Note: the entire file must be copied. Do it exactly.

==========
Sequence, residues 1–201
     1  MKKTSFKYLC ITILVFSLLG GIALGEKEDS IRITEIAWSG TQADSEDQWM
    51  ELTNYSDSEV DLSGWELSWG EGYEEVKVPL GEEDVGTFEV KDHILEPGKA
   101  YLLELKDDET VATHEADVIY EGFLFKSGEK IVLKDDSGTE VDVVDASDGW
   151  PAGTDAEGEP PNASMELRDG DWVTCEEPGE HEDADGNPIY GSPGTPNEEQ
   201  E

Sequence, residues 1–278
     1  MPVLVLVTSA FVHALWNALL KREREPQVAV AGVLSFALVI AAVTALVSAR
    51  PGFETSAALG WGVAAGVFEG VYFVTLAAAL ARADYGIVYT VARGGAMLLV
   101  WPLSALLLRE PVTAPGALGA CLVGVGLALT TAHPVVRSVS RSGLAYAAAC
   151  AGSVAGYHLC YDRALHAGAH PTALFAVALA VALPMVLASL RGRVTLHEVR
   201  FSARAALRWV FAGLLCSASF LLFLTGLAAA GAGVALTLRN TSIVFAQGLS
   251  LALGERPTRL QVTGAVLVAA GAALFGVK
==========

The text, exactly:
Sequence, residues 1–201
     1  MKKTSFKYLC ITILVFSLLG GIALGEKEDS IRITEIAWSG TQADSEDQWM
    51  ELTNYSDSEV DLSGWELSWG EGYEEVKVPL GEEDVGTFEV KDHILEPGKA
   101  YLLELKDDET VATHEADVIY EGFLFKSGEK IVLKDDSGTE VDVVDASDGW
   151  PAGTDAEGEP PNASMELRDG DWVTCEEPGE HEDADGNPIY GSPGTPNEEQ
   201  E

Sequence, residues 1–278
     1  MPVLVLVTSA FVHALWNALL KREREPQVAV AGVLSFALVI AAVTALVSAR
    51  PGFETSAALG WGVAAGVFEG VYFVTLAAAL ARADYGIVYT VARGGAMLLV
   101  WPLSALLLRE PVTAPGALGA CLVGVGLALT TAHPVVRSVS RSGLAYAAAC
   151  AGSVAGYHLC YDRALHAGAH PTALFAVALA VALPMVLASL RGRVTLHEVR
   201  FSARAALRWV FAGLLCSASF LLFLTGLAAA GAGVALTLRN TSIVFAQGLS
   251  LALGERPTRL QVTGAVLVAA GAALFGVK